Transistors in Space

NASA tests new radiation-proof chips

Photo: NASA

Space Test

New radiation-resistant transistors, attached to the International Space Station for evaluation, orbit Earth.

Mission planners for future flights to the moon, Mars, and beyond rightly worry about how to keep astronauts safe from the hazards of high-energy protons, neutrons, and ions streaming through space. These particles can cause cancer and brain damage, but they can be just as damaging to a spacecraft's electronics.

NASA is now testing how well a new type of transistor, shown to be radiation-resistant on Earth, will hold up in space. The transistors went up on the space shuttle Endeavor , and astronauts placed them in a test setup on the outside of the International Space Station on 22 March. After a year, researchers will check how radiation affects the transistors' operating voltages and currents.

A typical transistor is made up of a gate separated from the channel between the source and the drain by an insulating dielectric, usually silicon dioxide. When the gate sees a voltage above a certain threshold, it creates a conductive path that lets charge flow between the source and the drain.

Radiation's effects on the silicon dioxide dielectric are what may cause a transistor to fail. Radiation ionizes the oxide, creating electron-hole pairs. The electrons flow out but the holes get stuck, building up a positive charge. This leads to two problems: it causes current to leak across the channel, draining batteries, and it decreases the transistor's threshold voltage, putting it out of sync with other transistors and disrupting the delicate timing of a circuit. ”Every piece of circuitry is designed to operate in synchrony in a predictable manner,” says Tobin Marks, materials science and engineering professor at Northwestern University, in Evanston, Ill., who led the work on the new transistor that NASA is testing. ”You want [everything] to be rock stable.”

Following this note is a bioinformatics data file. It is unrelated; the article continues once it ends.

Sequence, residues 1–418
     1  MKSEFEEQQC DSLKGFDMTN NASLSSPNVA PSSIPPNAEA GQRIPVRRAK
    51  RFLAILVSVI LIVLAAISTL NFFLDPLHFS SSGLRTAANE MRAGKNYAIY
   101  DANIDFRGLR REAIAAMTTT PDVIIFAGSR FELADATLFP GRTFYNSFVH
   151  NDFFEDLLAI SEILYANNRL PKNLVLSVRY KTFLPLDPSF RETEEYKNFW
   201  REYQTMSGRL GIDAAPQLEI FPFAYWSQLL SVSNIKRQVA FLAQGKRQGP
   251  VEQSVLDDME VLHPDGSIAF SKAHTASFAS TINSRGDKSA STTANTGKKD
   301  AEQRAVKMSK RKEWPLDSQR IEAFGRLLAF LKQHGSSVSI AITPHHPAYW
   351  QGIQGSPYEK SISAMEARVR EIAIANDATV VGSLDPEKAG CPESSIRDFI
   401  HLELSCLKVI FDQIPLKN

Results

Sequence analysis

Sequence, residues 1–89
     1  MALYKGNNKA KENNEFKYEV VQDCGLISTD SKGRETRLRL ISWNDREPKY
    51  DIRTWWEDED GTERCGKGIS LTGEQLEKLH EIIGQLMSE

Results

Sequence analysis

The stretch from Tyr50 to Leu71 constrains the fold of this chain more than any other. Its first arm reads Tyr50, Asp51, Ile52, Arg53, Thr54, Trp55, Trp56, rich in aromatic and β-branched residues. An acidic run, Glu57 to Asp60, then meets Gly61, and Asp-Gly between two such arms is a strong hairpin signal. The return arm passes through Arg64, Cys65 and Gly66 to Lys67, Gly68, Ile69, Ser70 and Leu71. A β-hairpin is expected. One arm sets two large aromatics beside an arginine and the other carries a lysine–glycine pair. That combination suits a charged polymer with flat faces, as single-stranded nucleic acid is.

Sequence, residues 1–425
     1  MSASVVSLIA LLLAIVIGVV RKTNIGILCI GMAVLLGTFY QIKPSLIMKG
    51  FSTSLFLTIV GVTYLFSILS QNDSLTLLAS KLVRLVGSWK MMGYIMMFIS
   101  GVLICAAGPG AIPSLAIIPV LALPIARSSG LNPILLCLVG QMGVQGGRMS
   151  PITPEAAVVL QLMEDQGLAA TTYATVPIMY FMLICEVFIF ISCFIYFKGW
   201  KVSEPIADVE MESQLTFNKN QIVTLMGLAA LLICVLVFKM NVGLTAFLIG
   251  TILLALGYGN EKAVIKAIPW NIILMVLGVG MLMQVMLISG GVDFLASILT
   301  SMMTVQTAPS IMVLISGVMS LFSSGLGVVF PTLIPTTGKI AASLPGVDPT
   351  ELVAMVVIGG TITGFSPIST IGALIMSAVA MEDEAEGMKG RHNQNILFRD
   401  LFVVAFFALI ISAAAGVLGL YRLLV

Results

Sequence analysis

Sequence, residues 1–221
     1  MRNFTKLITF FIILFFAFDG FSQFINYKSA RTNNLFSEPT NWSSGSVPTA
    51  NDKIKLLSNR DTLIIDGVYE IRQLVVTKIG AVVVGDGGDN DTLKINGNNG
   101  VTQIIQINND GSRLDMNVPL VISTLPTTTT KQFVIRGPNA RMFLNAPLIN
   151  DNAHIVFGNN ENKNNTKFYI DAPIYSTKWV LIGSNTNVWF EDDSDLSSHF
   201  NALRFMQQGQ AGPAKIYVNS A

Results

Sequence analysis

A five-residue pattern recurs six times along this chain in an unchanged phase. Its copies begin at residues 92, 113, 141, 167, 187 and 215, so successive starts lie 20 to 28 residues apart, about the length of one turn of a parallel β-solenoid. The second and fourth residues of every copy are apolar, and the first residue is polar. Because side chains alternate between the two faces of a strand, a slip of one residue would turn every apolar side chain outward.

Instead of silicon dioxide, the new transistors contain an organic dielectric, which assembles itself from three chemical solutions into a 15â''nanometer-thick layer. The organic dielectric is more radiation-proof than silicon dioxide because it conducts holes well, says David Janes, an electrical and computer engineering professor at Purdue University, in West Lafayette, Ind. The cosmic radiation still generates electron-hole pairs, but the holes ”bleed out” rather than building up, he says.

Marks and Janes have already shown that the transistors can withstand 2.85 kilograys (285 kilorads) of proton radiation. The space station test, scheduled to last 12 to 18 months, will show how the transistors hold up when exposed to ultraviolet radiation, as well as zero gravity and the corrosive effects of atomic oxygen. A one-way mission to Mars, including eight months of travel and three to six months on the planet, exposes electronics to about 10 kG of radiation--the limit of today's space electronics.

The custom processing required to make traditional radiation-hardened circuits ups their cost and keeps them several generations behind commercial computer chips in speed and power consumption. The electronics also require radiation shielding and backup circuits and devices, which add bulk. ”We're always trying to save weight,” says Geetha Dholakia, a research scientist at the NASA Ames Research Center, at Moffett Field in Mountain View, Calif. ”If [the electronics are] inherently radiation-resistant, then one doesn't have to employ these other precautions.” The new transistor, which contains a tiny zinc oxide nanowire as the semiconductor material, is lighter and could be cheaper to fabricate, claim Marks and Janes.

NASA might have other dielectric options for space electronics. To speed their transistors, Intel and other chip makers are turning to a new class of dielectrics, including oxides of hafnium and zirconium. But so far, there is little data about their radiation tolerance, Dholakia says.

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